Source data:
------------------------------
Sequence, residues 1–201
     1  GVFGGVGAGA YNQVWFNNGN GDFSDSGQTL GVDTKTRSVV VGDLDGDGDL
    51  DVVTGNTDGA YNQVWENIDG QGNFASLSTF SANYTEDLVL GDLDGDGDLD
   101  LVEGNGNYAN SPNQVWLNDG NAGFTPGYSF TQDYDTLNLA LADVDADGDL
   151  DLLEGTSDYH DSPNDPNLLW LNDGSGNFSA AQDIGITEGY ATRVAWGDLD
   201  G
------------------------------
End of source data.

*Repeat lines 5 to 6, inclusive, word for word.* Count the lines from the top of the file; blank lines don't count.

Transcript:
   151  DLLEGTSDYH DSPNDPNLLW LNDGSGNFSA AQDIGITEGY ATRVAWGDLD
   201  G